I want to share some of the feedback with you.  Keep in mind that all of these comments were made by top notch agents and editors.  You would know their names if I told you.  So these are not comments made by my grandmother or an ex-roomate who hates me.  These are the thoughts of people who know books.

I. LOVE. THIS. BOOK. What a wild ride – full of character, emotion, humor, drama. And it leaves us wanting MORE. MORE. MORE.  Yes!


The writing style of the novel also felt a bit out of sorts; there’s so much telling rather than showing, which creates an emotional distance between the reader and the story. 


I couldn’t stop reading.


There are FIVE points of view that alternate between chapters. This is not only confusing but also tiresome. 


I love the multiple points of view.  All the characters have unique voices.


All the character’s voices sound the same. 


The use of inner thoughts is very effective.


The aside thoughts are redundant and not funny. 


What you do well is write compelling action with characters that feel fully realized.



Conflicting critiques at the writing/revising stage require us to look deeply into the work. What are we trying to accomplish? What is the core story? Which direction is the right one for the story?

Conflicting critiques at the book-is-nearly-done stage (or conflicting reviews when a book is out) require something else.  They require perspective.  Tastes differ.  Readers meet books within their own context NOT within yours.  Sometimes a book mediates a meeting of the minds between author and reader.  Sometimes them’s fighting words.

And always–ALWAYS–the writer must find a way to let go.  Release the book into the world. Let it find its people.  Let it become something new to the people who find it.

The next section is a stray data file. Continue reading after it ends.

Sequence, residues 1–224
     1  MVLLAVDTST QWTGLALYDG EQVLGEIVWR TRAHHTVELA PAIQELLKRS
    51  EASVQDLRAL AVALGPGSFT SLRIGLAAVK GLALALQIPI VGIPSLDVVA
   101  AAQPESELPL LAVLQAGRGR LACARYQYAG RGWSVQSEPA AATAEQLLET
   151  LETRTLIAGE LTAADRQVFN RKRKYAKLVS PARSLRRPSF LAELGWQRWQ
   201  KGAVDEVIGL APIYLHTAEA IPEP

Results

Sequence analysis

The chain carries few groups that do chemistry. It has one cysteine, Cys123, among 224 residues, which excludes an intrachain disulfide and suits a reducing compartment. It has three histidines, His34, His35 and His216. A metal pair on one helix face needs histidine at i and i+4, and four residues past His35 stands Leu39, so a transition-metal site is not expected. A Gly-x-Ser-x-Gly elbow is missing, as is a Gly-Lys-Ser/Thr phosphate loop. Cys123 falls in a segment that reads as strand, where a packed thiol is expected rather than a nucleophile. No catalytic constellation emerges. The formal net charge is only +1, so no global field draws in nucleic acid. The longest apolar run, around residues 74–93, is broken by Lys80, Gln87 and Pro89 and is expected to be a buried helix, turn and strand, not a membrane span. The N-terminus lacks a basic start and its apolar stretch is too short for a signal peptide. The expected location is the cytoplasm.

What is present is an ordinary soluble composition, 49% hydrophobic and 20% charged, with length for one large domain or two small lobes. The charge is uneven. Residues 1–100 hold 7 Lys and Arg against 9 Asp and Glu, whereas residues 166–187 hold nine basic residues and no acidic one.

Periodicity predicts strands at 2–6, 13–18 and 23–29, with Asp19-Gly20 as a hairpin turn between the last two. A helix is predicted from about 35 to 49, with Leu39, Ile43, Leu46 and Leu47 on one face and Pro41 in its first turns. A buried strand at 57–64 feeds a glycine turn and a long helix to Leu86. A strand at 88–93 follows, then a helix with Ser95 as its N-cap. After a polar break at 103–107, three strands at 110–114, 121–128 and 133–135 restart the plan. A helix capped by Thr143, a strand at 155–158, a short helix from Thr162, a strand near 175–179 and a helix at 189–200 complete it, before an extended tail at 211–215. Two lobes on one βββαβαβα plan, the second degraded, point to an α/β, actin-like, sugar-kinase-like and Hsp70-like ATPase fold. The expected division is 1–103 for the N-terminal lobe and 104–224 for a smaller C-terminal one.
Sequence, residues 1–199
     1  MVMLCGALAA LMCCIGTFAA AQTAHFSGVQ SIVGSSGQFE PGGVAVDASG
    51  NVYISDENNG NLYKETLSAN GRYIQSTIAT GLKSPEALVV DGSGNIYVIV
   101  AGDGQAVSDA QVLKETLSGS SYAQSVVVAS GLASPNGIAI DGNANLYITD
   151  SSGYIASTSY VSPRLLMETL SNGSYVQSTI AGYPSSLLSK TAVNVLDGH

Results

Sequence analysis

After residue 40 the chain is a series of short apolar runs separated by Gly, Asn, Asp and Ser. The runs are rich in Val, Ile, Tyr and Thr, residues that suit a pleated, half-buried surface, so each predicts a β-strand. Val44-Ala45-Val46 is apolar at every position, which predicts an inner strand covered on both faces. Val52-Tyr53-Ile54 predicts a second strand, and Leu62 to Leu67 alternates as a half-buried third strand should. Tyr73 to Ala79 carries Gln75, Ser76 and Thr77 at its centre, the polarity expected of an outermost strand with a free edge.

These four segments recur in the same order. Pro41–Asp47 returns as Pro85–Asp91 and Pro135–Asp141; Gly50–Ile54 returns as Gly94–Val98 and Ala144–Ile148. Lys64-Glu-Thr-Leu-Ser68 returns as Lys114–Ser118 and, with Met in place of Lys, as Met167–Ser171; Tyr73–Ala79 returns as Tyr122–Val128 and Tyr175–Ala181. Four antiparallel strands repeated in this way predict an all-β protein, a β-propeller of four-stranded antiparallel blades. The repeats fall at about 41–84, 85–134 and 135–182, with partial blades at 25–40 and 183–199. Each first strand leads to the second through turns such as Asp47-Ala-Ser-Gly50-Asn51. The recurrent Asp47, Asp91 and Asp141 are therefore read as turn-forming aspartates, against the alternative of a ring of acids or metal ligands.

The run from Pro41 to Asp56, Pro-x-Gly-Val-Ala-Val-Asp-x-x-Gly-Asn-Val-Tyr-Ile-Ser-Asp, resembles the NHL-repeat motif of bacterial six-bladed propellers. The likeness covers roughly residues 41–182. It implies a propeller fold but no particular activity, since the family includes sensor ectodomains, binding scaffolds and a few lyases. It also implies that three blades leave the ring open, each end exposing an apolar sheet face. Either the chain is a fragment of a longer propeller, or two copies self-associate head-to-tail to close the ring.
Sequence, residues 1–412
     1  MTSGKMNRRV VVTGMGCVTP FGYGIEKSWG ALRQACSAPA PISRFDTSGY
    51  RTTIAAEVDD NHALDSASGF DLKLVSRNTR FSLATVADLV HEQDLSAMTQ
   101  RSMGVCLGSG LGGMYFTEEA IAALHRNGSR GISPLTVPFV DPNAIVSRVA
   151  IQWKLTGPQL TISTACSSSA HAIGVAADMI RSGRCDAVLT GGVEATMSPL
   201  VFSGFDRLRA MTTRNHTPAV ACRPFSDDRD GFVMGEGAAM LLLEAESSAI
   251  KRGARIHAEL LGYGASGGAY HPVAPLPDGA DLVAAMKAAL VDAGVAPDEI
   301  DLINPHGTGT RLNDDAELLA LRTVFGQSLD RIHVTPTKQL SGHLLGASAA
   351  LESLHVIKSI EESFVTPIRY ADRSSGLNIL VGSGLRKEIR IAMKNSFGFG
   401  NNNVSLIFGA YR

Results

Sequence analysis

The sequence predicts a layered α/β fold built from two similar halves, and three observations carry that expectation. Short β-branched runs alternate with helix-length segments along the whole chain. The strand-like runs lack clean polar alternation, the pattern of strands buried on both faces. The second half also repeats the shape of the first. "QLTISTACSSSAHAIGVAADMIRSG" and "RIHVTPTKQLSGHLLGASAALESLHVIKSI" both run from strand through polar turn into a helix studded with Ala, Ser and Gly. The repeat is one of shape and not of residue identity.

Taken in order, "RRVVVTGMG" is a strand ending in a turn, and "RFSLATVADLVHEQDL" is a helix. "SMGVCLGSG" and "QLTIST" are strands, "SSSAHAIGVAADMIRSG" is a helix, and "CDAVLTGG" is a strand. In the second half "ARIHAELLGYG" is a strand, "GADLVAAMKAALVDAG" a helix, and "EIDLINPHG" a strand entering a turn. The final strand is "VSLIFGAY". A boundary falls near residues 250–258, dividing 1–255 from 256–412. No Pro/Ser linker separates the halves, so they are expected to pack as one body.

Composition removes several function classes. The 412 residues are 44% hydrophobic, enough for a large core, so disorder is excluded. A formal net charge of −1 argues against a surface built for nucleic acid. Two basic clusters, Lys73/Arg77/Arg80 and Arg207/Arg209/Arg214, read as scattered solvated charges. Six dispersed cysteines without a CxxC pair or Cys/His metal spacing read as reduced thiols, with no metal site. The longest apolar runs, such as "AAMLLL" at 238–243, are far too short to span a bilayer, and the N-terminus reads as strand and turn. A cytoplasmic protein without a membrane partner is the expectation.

How do you know when your manuscript is ready?

by Amber Keyser
Published on: December 10, 2012
Categories: Business of Writing, Craft
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Agents and editors often say that one of the most common reasons a manuscript is rejected is that it is not ready.

The idea might be great.  The story structure might be solid.  The characters could be compelling.

But… not ready.

What does this mean and more importantly, how do we get it ready?

Often I read manuscripts that feel foggy.  By that, I mean I feel like I am viewing the action, setting, and characters through an actual fog.  Some things might be near enough to get a visual on, but many things are shrouded and unclear.  The piece is not ready because the writer hasn’t finished clearly describing the setting, fleshing out the action so that each step logically leads to the next, or creating richly layered characters.

Revision upon revision upon revision is the key to clearing up the fog, and that is obviously a bigger topic than this wee little post, but I want to talk about how you’d know a piece was ready to submit.  This can be especially hard for new writers.

If you have a critique group with writers at a range of professional stages, they are your first line of defense.  Scrivas have told each other, “Wait.  Not yet.  Go through it again.”  If all of your writing partners are new to the biz, then I suggest a couple of things.

(1) Time.  If you think the manuscript is done, put it away for a few months.  Read it again.  You’ll probably see foggy areas to clean up.

(2) Critique.  Get a paid critique at a conference.  Even if it is only of the first 10-15 pages, you’ll be amazed at what professionals can tell about an entire manuscript from the beginning.

(3) Hire a developmental editor.  I really recommend this for your first book.  You will learn a ton from an experienced editor, and if you implement his or her suggestions, you can be confident that your book is ready to go out.

You’ve only got once shot with each agent or editor.  Take the time to make sure your manuscript is as good as you can make it.  Patience is worth it!

Great Post on Adult vs. Kid Critique Groups

by Elizabeth Rusch
Published on: December 3, 2012
Categories: Other Topics
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Just in case you miss this in the New York Times…

NaNo: The Finish Line

by Sabina I. Rascol
Published on: December 3, 2012
Comments: 2 Comments

I did it, dear readers.

I didn’t sleep much this past month. But I managed to write 51,210 words in 14 chapters during the month of November. Only a couple more chapters to go and I’m done with Part II.

I couldn’t have done it without you. It helped tremendously to know that you’re out there and knew of my commitment, perhaps cheering me on. Thank you for being part of our writing community, helping make writing possible.

I’m hooked now. I’m going on with 500+ daily words in December. The first 1,460 are already down. My goal is to finish as much as I can of Part III in December. Stay posted for an update at the end of the month.

In the meantime, know that I too am cheering you, my fellow writers, on.

–Sabina I. Rascol